I've spent the last three days post birthday exercising my constitutional right to petitioning my legislators for 'redress of grievances'.
Translation: I've been lobbying.
Lobbying isn't just for high priced hired guns operating out of K Street offices, anyone can do it. Besides, I get the additional benefit of being in a large city once again, and a 9 hour drive from Louisville to Washington to boot.
We hit the road after stopping by a post office to drop off my mom and sister's Mother's Day cards. After a lovely drive down I-64 dodging showers through eastern Kentucky, the mountains of West Virginia, crossing the Virginia border and up and down I-81 and I-66 past several Civil War battlefields, Polar and I arrived at our hotel in Fairfax, VA a little after 9:30 PM EDT.
I found it a little amusing and inspiring that our hotel room had pictures of the Declaration of Independence and Thomas Jefferson on the wall. We also flipped it on the local news after grabbing a bite to eat and grabbing some supplies.
We watched the fireworks erupting over the 12-1 DC City council vote to recognize same gender marriages performed in other states. We discussed the irony of Marion Barry being the lone no vote as we watched the bigoted Black minsters show their anuses as well.
Polar and I beat 'errbody to DC, so we decided Wednesday morning (May 6) not to do any sightseeing and just get the lobbying party started since I had the daunting task of trying to hit as many of the 43 CBC offices as possible.
We clambered aboard the bus for our trip to the Vienna Metro Rail station. One of the reasons Polar chose that hotel was its proximity to the Washington Metro Orange line. Finding parking in the capital, much less battling it on the various freeways in and around the Washington area including the infamous Capital Beltway is a pain in the rear. Even though we had a longer commute in, we didn't have to change trains.
So our first stop was to see our own congressmember John Yarmuth (D-KY). He's a much busier guy on the Hill this session and he wasn't in. We'd just run into him at the local ACLU dinner a few weeks ago anyway and were paying our respects.
So we bounced over to see Andre Carson (D-IN). Although I am thoroughly pleased by my current Congressional representation, Andre being the rep for Indianapolis is my closest CBC rep. He's also the grandson of the late Julia Carson, who represented the area for ten years.
I always get to talk to at least one living breathing US congressmember, and this time it was Andre. I got to thank him and his staffers personally for his support of HR 1913 and for the piece he wrote on The Bilerico Project in support of GLBT rights. They were also pleased to discover that I was a contributing writer to the Project as well.
After that, it was off to Barney Frank's (D-MA) office to fulfill a promise I made to shake Diego Sanchez's hand. He was happy to see us and took a few moments out of his busy schedule to outline some of the issues of importance to the community he was working on as well as the constituents in the district.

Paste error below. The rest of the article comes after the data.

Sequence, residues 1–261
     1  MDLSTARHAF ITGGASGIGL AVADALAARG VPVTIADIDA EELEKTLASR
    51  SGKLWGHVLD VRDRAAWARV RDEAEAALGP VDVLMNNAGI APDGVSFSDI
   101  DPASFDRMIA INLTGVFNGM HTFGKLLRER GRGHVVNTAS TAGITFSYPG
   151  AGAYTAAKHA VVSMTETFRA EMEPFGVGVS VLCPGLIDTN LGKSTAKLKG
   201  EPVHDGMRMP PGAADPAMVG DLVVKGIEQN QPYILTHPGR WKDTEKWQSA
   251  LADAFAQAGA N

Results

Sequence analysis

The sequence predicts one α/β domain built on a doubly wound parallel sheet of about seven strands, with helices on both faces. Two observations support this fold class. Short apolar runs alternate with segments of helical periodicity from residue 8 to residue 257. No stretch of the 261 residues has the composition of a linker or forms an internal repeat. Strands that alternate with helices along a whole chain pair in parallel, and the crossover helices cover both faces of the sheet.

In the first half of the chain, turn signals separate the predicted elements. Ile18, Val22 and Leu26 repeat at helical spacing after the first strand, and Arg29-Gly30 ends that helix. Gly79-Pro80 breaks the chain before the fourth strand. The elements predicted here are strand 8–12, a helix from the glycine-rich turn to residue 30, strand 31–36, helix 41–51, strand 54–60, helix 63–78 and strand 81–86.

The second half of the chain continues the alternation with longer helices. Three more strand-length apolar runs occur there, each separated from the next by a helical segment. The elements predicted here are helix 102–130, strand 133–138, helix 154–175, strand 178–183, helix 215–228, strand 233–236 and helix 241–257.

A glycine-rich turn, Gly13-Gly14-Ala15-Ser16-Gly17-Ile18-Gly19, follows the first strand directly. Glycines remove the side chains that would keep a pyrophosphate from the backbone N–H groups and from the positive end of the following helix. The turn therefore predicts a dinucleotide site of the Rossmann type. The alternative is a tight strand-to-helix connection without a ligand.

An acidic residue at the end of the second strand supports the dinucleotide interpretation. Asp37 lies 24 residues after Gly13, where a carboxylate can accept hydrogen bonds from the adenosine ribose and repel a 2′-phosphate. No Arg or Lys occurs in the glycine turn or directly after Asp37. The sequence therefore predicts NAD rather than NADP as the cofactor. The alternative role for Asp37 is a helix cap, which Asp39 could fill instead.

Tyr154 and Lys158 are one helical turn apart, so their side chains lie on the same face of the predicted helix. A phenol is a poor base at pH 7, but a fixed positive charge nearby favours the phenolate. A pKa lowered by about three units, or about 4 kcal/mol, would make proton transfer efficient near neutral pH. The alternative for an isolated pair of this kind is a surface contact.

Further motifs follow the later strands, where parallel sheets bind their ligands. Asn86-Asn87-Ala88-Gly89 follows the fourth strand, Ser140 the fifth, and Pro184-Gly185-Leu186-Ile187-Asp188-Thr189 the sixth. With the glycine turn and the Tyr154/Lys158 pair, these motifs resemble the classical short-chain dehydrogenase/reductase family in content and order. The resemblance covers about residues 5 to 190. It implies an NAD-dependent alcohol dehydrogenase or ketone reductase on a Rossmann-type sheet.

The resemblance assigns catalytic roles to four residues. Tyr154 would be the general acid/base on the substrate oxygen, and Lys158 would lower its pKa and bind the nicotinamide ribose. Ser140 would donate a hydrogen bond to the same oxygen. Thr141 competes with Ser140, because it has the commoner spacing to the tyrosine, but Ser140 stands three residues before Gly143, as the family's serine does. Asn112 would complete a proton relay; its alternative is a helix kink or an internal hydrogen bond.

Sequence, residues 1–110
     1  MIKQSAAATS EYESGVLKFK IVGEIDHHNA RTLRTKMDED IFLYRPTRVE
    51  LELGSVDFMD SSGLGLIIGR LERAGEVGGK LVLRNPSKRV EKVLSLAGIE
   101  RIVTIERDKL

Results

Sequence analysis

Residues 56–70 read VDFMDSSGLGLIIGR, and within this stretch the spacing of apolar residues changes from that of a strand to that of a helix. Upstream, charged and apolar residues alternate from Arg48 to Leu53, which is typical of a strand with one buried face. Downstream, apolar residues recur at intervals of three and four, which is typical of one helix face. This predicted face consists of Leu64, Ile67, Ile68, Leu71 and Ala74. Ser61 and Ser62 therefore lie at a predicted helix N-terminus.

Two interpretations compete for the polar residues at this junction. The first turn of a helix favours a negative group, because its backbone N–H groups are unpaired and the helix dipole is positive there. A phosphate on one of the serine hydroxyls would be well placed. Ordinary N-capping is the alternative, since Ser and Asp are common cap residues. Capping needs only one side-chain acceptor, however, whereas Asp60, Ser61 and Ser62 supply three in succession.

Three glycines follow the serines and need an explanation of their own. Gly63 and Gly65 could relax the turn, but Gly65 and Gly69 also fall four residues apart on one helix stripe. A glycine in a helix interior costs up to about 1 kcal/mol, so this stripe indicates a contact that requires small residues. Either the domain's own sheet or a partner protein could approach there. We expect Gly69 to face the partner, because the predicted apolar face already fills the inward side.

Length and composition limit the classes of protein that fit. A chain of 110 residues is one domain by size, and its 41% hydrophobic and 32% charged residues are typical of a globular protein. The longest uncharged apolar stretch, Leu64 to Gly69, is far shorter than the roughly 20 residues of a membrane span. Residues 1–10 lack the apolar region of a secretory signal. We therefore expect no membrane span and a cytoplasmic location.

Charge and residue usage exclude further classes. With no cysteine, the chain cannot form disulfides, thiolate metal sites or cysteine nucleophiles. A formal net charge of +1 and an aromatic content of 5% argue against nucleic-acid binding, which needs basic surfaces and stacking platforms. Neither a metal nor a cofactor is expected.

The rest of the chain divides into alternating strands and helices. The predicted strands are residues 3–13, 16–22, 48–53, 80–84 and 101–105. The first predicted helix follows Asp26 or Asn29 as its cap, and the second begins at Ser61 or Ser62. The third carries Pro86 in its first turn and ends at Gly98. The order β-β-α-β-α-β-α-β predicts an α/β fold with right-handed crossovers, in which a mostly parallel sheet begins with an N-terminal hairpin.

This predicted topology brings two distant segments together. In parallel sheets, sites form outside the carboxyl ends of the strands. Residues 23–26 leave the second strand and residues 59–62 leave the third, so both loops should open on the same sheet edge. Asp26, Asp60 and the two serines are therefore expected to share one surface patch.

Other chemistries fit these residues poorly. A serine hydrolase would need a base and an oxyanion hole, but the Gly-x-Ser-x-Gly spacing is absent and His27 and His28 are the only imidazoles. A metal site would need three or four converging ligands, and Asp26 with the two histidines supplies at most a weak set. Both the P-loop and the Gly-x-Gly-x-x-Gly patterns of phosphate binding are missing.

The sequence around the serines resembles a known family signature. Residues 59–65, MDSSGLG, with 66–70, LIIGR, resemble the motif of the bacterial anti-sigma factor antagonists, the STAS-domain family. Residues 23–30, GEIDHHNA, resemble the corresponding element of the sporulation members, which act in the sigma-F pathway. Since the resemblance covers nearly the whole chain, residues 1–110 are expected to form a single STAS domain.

I popped into Sheila Jackson-Lee's office to pay my respects to her. She'd sent me greetings through Vanessa Edwards Foster when Ness ran into her in Austin doing some lobbying back home. She wasn't in, but I did express my thanks to her staffer for her positive vote on HR 1913.
I ended the day with a stop at Rep. Barbara Lee's (D-CA) office. I'd visited it during my 2007 trip to DC and wanted to congratulate her on becoming the new chair of the Congressional Black Caucus. Had a nice chat with her chief of staff and asked him to convey mine and the transgender community's appreciation for being a ally standing up for the transgender community.
It was getting close to our planned 4 PM meeting in the Longworth cafeteria with the rest of our intrepid lobbying team, so it was time to bounce. We kiled some time checking out the new Capitol visitors center, looking at the Supreme Court building and musing about who the president was going to nominate for the soon to be vacated seat of Justice Souter. I ended the day not only getting reunited with my Houston homegirl, but meeting Toni, Ro, and Rebekah as well.
We shoved off after the planning meeting to the Dupont Circle area for dinner. After a few hours of lively conversation about the past, present and future state of the transgender community, Polar and I had to call it a night in order to get back to hotel before the last train to our station stopped running along with the bus we'd have to catch to get there.
We did have some technical difficulties. We discovered the difference between the Green 1 and Green 2 bus routes as we left the rail station and endured a long winding bus tour through Fairfax and the George Mason University Fairfax campus. Just as we stepped off the bus in front of the hotel the skies opened up and we got drenched in a deluge.
But despite the detour, the first day we could consider a success. We'd gotten information that would serve us well over the next two days, set up our lobbying strategy and were ready to hit the Hill running tomorrow.
After we got some sleep.
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